Armando Bacot, UNC’s 6’10’’ forward, has suddenly become Moses Malone-reincarnated, dominating on the glass, averaging 14.5 rebounds per game over his last eight games to go with 16.1 points per game over the same span. The junior has hauled in 21 and 22 rebounds in his last two games, versus Duke and Saint Peter’s, respectively. Sophomore guard Caleb Love, who helped UNC erase a second-half deficit against Duke by spearheading a 13 - 0 run, has been lights-out throughout this tournament run, consistently hitting huge shots, even with defenders draped all over him. First-year head coach Hubert Davis has stepped in for the retired college basketball legend Roy Williams and reinvigorated a team that is quite similar to the one the bowed out in the first round of the tournament in 2021.
That said, the loss doesn’t take anything away from the remarkable career of Mike Krzyzewski. The wins, the conference championships, the Final Fours, the National Titles…these things speak for themselves. At the very least, Coach K is the second greatest coach in the history of college basketball, and by some measures, the greatest.
While it’s hard to look at John Wooden’s 10 National Titles and shrug, it’s important to remember that Wooden’s success came at a time when the talent level of college basketball was nowhere near what it is today. Of course, it’s impossible to separate the state of the game today from Wooden’s contributions to the sport, but we should at least consider how much more challenging it is for someone to win today than when Wooden was dominating the sport with UCLA.
For instance, while Wooden’s 10 titles in 12 years are mind-boggling, Coach K’s five is nothing to sneeze at, especially when you consider that K also finished as the runner-up four times as well. Throw Coach K’s record 13 Final Fours to Wooden’s 12, and the sustained excellence of Duke’s run compares favorably to UCLA’s supernova dynasty in the ‘60s and ‘70s.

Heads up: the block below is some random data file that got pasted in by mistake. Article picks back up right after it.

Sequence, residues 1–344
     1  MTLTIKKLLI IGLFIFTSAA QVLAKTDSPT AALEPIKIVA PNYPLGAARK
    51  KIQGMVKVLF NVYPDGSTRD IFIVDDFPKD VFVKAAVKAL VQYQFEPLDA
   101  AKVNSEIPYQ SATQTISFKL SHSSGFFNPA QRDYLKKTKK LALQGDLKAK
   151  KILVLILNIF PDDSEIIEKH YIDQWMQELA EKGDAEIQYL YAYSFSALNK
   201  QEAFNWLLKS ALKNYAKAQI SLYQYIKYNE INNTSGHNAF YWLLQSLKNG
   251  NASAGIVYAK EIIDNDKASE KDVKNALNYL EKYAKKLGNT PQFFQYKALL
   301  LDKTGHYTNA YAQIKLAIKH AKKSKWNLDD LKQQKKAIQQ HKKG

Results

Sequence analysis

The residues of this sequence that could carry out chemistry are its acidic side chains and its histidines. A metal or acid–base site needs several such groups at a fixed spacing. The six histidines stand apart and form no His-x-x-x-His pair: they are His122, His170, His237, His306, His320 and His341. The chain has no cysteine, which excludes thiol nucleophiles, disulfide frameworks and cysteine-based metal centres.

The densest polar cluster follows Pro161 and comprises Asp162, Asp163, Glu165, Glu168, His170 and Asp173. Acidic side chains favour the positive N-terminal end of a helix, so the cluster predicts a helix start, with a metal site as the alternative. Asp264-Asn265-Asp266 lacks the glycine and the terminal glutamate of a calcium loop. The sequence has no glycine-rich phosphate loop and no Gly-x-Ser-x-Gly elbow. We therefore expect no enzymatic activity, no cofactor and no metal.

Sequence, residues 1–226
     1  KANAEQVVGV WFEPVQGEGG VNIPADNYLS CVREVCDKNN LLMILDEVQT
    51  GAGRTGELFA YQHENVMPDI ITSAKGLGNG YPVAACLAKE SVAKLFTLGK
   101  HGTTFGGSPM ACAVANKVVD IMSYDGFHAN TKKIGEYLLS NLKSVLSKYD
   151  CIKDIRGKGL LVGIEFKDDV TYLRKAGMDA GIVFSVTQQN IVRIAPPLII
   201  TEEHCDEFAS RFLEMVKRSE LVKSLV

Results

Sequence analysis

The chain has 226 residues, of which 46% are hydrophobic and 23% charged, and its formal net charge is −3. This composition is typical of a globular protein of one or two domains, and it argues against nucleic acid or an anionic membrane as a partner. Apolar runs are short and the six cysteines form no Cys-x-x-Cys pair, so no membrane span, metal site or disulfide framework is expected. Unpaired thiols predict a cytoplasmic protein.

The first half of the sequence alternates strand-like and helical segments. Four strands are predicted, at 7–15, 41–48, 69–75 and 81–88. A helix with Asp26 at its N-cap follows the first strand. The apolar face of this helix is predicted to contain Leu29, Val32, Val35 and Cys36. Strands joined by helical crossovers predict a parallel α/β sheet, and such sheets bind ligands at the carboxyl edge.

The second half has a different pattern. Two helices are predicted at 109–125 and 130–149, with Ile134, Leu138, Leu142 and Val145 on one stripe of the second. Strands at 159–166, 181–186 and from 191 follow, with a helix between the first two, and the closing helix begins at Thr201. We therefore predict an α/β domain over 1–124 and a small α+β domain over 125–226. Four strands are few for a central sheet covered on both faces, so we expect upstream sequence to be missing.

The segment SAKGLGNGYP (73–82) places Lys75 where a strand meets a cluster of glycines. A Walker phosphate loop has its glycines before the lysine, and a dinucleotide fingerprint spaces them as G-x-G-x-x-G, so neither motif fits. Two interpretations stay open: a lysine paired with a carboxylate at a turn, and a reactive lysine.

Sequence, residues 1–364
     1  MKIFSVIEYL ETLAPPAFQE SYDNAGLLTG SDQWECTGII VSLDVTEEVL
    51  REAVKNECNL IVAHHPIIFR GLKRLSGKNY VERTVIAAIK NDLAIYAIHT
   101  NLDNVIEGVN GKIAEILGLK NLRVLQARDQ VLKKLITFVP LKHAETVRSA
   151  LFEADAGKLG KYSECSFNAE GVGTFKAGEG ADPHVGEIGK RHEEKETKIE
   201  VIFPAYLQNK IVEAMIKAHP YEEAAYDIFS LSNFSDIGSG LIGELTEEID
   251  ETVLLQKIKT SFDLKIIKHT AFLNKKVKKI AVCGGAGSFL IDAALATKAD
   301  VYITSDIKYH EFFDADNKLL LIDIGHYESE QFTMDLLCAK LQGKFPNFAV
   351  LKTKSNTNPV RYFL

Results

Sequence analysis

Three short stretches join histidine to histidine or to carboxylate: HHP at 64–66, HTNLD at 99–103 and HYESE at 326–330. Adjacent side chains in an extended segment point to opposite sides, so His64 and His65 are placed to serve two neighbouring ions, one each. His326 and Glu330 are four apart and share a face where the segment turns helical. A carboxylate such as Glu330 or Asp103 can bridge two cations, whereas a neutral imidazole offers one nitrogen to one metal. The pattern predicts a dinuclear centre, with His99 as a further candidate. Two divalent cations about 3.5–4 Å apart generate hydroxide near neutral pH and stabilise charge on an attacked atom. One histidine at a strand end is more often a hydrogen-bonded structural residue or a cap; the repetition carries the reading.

If you put a gun to my head, though, and forced me to pick one, I’m still going to go with Wooden, the man who basically put college basketball on the map. When you’ve coached NBA greats like Kareem Abdul-Jabbar, Bill Walton and Gail Goodrich at the collegiate level, you know you’re doing something right.
Look at some of the players Coach K helped develop, though. Names like Christian Laettner, Grant Hill, J.J. Reddick, and Bobby Hurley just scream, “College Basketball!” Even one-and-done superstars like Zion Williamson, R.J. Barrett, Jahlil Okafor and Marvin Bagley III left their mark on the sport. None of this would have been possible without the man himself, Coach K.
To understand the depth of respect and authority Coach K demands, even from players who moved on to the NBA level, look no further than his exceptional work as USA Basketball’s head coach. After disappointing bronze-medal finishes in the 2004 Summer Olympics and the 2006 FIBA World Championships, the US National Team brought Coach K onboard to right the ship. Sure enough, Coach K and the “Redeem Team” brought home the gold in 2008 and would do so again in 2012 and 2016. This same man has never coached one second in the NBA; yet he was able to come in and get players like Kobe Bryant, LeBron James, Carmelo Anthony, Chris Paul and Dywane Wade to play together and reach for a common goal. If there are any other coaches who are capable of maintaining control over teams filled with young and inexperienced college players and also teams filled with veteran and deeply serious professional players, each with their own goals and egos, we have not been introduced.
Even though Coach K’s 2022 season and his career didn’t end the way he, or Duke, would have liked, he has nothing to be ashamed of. Besides Wooden (maybe), no one has done more to grow the sport of college basketball. Coach K is synonymous with winning. That, not two losses to UNC, will be his legacy.